Flag Wavin’ For The 40th Time

Curt-lineby Curt Kovener

For 40 summers there has been a patriotic celebration in the community of Crothersville. Neither downpouring rain, tornadoes, or blazing hot heat and humidity have been able to stop it. Dampened it, blew it a bit, made us all sweat; but couldn’t stop it.

The Red, White and Blue Festival began as this community’s participation in the nation’s bicentennial salute. In 1976 the original festival organizers decided rather than hold a festival over the 4th of July when every other community would be, the local celebration would be held during Flag Day weekend, June 14, in an attempt to draw more visitors.

The first festival was a daytime only affair that filled Howard Street from the school to nearly the stoplight. The only electricity was provided by benevolent neighbors who allowed extension cords to be plugged into their homes and permitted their lives and their street to be disrupted by food booths, flea markets, and people traveling the paved portion (and sometimes private yards) to enjoy the goods.

That first June festival was so well received, the volunteer organizers decided to see if a tradition was in the making and it was held a second year, then a third, and now for the 40th time the second weekend in June greets Indiana’s Most Patriotic Festival.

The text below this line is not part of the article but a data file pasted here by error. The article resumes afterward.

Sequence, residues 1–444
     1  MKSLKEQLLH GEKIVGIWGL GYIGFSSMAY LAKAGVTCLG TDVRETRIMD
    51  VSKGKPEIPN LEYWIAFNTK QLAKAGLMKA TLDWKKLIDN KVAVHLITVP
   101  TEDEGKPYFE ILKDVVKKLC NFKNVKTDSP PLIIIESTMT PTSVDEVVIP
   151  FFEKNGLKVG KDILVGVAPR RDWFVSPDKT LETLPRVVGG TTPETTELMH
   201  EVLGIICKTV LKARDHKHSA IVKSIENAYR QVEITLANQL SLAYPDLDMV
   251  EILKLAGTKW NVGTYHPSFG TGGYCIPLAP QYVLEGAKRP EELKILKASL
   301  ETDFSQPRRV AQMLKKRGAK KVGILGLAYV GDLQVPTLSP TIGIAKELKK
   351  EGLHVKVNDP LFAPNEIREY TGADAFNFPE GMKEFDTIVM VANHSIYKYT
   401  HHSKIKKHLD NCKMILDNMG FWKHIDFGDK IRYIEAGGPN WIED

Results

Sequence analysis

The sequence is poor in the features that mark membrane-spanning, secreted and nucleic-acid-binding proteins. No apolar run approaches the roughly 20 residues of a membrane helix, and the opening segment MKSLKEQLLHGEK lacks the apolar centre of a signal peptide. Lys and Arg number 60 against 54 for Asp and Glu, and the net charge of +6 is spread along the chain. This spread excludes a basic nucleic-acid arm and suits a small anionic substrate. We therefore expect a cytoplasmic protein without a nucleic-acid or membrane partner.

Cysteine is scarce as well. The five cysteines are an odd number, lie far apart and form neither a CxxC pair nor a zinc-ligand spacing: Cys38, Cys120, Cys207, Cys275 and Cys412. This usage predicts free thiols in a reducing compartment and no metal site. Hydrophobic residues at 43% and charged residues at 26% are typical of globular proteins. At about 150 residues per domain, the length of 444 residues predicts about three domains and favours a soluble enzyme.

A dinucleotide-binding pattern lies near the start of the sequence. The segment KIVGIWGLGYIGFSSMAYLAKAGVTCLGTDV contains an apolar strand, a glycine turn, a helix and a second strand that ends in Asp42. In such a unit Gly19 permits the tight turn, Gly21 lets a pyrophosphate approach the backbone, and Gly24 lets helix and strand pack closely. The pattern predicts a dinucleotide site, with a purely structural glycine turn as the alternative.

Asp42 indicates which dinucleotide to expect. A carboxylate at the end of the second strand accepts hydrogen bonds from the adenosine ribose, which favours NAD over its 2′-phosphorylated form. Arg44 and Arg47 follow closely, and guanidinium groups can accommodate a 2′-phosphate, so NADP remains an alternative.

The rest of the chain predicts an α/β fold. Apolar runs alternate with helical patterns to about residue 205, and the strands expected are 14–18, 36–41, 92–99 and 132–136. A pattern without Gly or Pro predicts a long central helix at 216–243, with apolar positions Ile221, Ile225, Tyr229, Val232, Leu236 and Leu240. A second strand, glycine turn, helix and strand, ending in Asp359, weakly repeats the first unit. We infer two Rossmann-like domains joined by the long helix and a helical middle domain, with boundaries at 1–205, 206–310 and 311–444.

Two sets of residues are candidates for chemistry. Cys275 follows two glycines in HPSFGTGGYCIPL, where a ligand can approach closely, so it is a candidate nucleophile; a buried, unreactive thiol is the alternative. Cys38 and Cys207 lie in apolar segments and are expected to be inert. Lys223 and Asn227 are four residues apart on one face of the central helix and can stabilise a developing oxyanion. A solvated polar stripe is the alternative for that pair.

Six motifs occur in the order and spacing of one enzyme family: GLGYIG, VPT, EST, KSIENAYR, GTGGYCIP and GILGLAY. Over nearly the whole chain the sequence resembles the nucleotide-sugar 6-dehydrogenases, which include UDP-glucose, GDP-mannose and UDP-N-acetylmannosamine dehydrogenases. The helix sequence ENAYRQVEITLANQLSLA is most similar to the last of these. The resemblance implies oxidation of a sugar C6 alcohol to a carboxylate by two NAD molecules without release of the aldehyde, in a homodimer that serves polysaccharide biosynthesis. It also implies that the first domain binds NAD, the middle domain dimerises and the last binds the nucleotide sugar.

There are other festivals and fairs that have gone on longer, but 40 years is a generation in biblical terms.

At this time in 1976 Gerald Ford was president and Georgia Governor Jimmy Carter was campaigning for the job. The pump price of gas was 59¢ a gallon and a First Class Stamp cost 13¢. In stock market news, the Dow Jones hit a high of 1004. The first ‘Rocky’ movie was the top money maker at the box office and ‘Happy Days’ was the nation’s favorite TV show. Indiana University coached by Bob Knight became the NCAA Champions with a perfect 32-0 season…a record challenged but never surpassed. A pair of Steves (Jobs and Wozniak) developed what would become Apple computers in their garage. And the Crothersville Times was still four years away from printing their first edition.

For those too young, that was a brief history lesson. For those old enough to remember, it was a stroll down memory lane.

And the festival hopes to see both young and old strolling the festival grounds this weekend making memories of your own.